(HealthDay)—Diet is an important component that impacts cardiovascular risk, and policies should be implemented to improve dietary composition, according to an article published in the Aug. 21 issue of the Journal of the American College of Cardiology.
Edward Yu, Sc.D., from the Harvard T.H. Chan School of Public Health in Boston, and colleagues summarized the current state of knowledge regarding the role of diet in cardiovascular disease prevention.
The authors note that decreasing excess calories and improving dietary composition may prevent many cardiovascular events. Diets high in fruits, vegetables, whole grains, nuts, and legumes; moderate in low-fat dairy and seafood; and low in processed meats, sugar-sweetened beverages, refined grains, and sodium are recommended in current guidelines. For some people, supplementation can be useful, although it cannot replace a good diet. Many factors influence individuals to consume a low-quality diet, including lack of availability of high-quality foods, high cost, time scarcity, social and cultural norms, marketing of poor-quality foods, and palatability. Governments should focus on cardiovascular disease as a global threat and should implement policies that can foster an environment in which healthy foods are accessible, affordable, and desirable. In order to promote healthful eating for cardiovascular disease prevention, health professionals should be proficient in basic nutritional knowledge.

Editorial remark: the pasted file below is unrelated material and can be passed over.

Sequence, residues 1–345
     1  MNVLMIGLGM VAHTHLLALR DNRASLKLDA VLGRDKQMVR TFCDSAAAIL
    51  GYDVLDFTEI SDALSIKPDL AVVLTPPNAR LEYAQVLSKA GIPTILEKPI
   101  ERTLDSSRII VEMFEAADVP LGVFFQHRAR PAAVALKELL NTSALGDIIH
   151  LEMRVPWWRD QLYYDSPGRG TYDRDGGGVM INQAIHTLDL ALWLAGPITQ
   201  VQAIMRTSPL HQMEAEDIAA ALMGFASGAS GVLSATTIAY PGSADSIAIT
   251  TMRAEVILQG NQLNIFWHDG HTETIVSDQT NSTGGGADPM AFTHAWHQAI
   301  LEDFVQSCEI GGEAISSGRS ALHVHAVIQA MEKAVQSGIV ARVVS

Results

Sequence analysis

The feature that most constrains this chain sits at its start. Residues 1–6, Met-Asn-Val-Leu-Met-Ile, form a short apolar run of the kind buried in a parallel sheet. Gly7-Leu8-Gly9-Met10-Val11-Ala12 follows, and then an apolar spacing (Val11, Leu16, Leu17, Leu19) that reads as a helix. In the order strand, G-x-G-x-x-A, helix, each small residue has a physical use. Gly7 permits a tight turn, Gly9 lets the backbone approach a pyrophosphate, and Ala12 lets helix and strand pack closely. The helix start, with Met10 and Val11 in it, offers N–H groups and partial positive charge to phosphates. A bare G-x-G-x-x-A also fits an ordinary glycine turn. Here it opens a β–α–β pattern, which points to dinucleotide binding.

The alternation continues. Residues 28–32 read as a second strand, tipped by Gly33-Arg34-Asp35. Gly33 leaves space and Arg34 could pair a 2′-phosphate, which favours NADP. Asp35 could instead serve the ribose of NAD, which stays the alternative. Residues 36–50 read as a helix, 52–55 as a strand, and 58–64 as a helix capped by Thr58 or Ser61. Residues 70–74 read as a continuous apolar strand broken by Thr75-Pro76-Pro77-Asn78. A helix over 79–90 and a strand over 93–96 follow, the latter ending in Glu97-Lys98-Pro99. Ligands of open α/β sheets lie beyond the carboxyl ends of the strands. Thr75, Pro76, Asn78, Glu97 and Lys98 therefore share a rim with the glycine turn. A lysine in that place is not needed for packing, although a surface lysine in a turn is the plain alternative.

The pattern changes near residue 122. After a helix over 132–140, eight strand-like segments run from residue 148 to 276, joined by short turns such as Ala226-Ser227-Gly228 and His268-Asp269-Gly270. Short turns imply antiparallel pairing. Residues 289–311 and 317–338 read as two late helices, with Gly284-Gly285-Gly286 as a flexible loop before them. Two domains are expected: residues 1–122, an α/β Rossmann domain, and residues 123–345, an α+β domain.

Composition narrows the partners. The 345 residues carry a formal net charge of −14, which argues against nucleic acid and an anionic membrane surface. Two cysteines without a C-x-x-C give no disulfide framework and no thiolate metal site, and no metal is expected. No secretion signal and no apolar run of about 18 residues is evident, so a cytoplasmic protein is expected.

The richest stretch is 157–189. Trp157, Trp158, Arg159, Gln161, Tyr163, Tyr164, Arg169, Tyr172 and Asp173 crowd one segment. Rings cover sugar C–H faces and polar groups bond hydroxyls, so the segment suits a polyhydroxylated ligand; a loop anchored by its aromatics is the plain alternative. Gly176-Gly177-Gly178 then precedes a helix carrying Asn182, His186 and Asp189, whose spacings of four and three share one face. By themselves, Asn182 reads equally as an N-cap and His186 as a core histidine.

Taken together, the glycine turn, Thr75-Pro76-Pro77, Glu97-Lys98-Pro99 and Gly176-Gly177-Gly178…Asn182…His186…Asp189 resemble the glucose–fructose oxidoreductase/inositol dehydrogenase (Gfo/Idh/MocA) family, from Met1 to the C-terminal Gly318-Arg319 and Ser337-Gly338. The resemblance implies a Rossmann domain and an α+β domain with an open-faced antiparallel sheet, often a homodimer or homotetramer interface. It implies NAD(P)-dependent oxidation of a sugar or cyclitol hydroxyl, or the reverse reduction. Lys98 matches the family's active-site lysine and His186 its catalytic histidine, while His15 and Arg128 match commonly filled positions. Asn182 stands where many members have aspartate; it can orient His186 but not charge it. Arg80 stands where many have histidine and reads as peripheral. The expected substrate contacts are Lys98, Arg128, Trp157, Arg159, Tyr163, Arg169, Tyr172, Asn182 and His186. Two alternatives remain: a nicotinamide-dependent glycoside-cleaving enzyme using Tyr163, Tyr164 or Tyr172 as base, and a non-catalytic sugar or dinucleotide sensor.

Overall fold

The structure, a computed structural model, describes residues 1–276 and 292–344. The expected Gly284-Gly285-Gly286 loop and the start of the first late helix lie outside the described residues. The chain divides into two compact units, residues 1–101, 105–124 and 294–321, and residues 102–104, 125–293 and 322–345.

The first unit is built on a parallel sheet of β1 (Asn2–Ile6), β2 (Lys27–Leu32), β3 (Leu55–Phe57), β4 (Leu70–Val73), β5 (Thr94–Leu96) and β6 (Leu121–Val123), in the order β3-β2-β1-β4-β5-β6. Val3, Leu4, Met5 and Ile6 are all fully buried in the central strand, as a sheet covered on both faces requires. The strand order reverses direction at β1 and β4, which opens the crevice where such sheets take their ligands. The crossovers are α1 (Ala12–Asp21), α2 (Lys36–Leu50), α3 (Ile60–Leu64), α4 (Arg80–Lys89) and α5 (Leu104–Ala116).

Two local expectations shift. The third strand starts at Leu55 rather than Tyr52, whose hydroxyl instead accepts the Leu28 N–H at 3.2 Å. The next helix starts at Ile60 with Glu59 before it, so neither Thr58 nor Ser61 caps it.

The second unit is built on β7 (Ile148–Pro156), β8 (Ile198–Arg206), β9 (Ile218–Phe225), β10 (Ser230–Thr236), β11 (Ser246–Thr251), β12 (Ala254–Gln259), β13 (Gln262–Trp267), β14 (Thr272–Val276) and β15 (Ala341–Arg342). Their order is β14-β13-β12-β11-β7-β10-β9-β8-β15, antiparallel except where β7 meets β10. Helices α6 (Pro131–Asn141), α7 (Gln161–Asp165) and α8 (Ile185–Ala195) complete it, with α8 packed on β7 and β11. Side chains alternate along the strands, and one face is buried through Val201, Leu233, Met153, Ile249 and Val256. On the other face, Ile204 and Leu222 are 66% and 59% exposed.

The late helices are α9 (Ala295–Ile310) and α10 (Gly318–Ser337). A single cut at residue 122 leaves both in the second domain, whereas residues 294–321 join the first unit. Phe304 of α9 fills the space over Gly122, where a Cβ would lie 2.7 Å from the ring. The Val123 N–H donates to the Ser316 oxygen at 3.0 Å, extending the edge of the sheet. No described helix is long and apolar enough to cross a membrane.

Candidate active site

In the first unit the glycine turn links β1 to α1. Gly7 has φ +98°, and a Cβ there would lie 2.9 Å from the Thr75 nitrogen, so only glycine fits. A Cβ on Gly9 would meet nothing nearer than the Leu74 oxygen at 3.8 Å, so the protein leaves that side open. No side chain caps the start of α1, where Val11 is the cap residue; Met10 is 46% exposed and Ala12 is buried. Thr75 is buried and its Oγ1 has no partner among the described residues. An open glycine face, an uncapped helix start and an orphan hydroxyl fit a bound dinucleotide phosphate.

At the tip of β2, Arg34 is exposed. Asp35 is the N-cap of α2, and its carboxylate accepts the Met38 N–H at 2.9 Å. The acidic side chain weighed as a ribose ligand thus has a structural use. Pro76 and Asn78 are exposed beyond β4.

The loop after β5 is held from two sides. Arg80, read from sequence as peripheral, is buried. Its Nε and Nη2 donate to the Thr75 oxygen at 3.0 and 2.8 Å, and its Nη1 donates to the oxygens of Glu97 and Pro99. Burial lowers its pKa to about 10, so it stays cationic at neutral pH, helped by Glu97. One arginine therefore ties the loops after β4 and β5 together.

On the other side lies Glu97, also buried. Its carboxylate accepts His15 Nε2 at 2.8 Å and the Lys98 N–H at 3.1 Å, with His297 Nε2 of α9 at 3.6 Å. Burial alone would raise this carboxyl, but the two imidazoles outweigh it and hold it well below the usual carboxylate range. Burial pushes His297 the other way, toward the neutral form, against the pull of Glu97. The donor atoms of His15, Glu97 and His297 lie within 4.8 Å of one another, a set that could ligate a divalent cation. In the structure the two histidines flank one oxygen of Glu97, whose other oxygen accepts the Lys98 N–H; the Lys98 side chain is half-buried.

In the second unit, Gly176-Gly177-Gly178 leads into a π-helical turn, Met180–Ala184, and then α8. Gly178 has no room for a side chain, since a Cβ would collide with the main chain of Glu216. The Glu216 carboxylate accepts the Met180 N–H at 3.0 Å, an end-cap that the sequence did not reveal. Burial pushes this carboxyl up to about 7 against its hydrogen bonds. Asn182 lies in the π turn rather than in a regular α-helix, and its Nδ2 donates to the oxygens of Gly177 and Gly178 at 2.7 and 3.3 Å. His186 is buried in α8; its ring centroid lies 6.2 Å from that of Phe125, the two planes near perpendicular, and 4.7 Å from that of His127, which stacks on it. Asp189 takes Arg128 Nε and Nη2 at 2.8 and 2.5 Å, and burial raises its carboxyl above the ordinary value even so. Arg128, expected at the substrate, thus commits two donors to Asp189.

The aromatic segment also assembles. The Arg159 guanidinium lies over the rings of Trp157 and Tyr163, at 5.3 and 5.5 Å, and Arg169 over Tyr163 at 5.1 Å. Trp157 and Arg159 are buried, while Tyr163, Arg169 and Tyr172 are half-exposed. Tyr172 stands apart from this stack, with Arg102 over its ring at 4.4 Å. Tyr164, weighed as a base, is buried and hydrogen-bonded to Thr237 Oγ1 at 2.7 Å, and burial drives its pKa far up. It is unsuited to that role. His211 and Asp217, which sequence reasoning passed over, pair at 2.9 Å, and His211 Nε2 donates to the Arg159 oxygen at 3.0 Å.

“A concerted effort from all levels of society will be needed to fundamentally change the current food environment and global food system,” the authors write.
Policy changes can help ease roadblocks to a healthy diet
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